Living room rug placement, plus choosing the right size and shape of area rug for your space is easy with this design guide!
Today let’s talk about living room rug placement.
Choosing a living room rug can be a tricky business. I see a lot of folks just freeze up when it comes time to find a rug, and forgo one altogether. But I’m here to take the guess work out the size and placement of your rug.
Does My Living Room Need A Rug?
If you have hard floors (hardwood, vinyl, tile, etc.) in your living room, you definitely need a living room rug!
In addition to adding cozy texture and softness to a room, a rug helps to define the space and makes it feel separate from the other areas in your home.
This is especially important if you have an open floorplan or great room concept home, where the kitchen, dining, and living rooms are all in one large open space.
Do you see how much cozier and complete the room on the right (below) looks with a rug?
The rug pulls the room together and makes it feel complete.
Common Rug Mistakes
The most common mistake I see people make with rugs is buying one that’s too small. And I get it- rugs can be expensive, and the price goes up exponentially as
they get bigger.
And if you’re looking to buy an area rug off the shelf at your local retailer, you’ll generally find that they only stock smaller sizes. But if you see something you like, you can usually order the same rug in a larger size from their website.
Most standard-sized living rooms need at least an 8’x10′ rug. AT LEAST.
What is a Seating Group?
In the interior design world, a “seating group” is just what it sounds like- a group of seating furniture generally found in a living room or TV room. This group could include a sofa and two chairs, two sofas, a sectional and a chair, 4 armchairs, a sofa and loveseat, etc.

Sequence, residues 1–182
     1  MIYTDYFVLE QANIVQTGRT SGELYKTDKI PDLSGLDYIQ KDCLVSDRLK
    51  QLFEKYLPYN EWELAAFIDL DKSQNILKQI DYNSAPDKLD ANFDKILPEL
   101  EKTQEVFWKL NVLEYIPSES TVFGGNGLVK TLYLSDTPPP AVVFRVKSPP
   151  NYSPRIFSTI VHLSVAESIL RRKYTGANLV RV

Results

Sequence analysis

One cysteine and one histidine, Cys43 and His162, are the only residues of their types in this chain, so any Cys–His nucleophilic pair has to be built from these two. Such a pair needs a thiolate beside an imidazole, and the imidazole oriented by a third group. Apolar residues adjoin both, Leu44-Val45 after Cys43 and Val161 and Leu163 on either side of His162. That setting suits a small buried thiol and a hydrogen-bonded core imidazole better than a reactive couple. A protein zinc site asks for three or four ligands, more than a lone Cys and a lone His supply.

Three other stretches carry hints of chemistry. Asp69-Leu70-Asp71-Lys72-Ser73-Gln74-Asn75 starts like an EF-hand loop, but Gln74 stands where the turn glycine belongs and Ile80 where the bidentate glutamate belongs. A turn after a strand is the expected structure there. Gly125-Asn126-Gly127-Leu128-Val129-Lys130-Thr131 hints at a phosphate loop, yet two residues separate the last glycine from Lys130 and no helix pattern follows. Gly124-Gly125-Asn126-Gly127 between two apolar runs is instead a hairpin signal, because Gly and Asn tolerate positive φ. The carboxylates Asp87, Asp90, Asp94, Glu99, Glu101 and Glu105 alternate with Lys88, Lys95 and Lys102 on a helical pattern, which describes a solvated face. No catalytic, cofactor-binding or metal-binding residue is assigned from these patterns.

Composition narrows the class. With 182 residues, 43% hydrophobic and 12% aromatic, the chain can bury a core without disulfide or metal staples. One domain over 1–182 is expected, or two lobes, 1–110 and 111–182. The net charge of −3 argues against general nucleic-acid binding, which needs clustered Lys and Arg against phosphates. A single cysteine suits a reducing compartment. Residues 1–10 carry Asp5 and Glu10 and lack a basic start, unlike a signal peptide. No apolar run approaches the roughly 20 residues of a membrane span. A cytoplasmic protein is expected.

The two sofas in the living room floorplan below form a seating group.
The pieces should be oriented toward one another, and placed close enough together that people can comfortably have a conversation without having to shout across the room.
You’ll want to choose the larger seating furniture pieces (i.e. sofa or sectional and chairs) and determine where they will go before determining which size and shape of rug you want.
Then, and only then, should you go shopping for a rug!
How to Choose The Right Size Rug
Measure and Draw A Rough Floorplan of Your Living Room
I have my students measure their living room and draw a scale floorplan (like the one above) so they can use the scale furniture pieces to arrange everything in their room before making any big purchases. It’s easier than you think!
Taking the living room below, you can see that a 10′ round rug is ideal for this space. It’s large enough that the front legs of both sofas can sit on top of it. And the two sofas can sit far enough apart for a coffee table between them and space to walk around.
Plus the round shape of this rug provides some interest, since everything else in the space is square or rectangular.
We could also use a 10′ square or an 8’x10′ rug in this room.
Measuring Tape Method
The other option is to get out a measuring tape and some painter’s tape, and measure out the length and width of the rug you want to purchase in your room, with the other furniture already in place. Mark the outline of the rug’s dimensions on the floor with the painter’s tape.
This will help you visualize the size and shape of the rug in your living room before you bring one home.
I’ve also found that the more heavy furniture is actually sitting on the rug, the less likely the rug will move around and rumple up- especially when Crazy Dog goes flying toward the front door to greet visitors!
Please tell me I’m not the only one with this problem?
The most important thing is that the front legs of all the important seating furniture sit on the rug!
Living Room Rug Placement With A Sectional
Here’s an example of a TV room with a large sectional sofa:
The sectional is the important seating furniture in this room, so all of its front legs should be on the rug. It’s not important for the entertainment center or any other accent furniture to be on the rug, since it’s not part of the seating group.
Here’s the same room with oval and round rugs:
Sofa & 2 Chairs
In the example below, the seating group is made up of a small sofa and two chairs. As you can see, whether we choose a rectangular or round rug for this living room, the important thing is that the rug is large enough for the front legs of all the seating furniture to sit on top of it.
I hope this helps you find a rug that’s just right for your living room!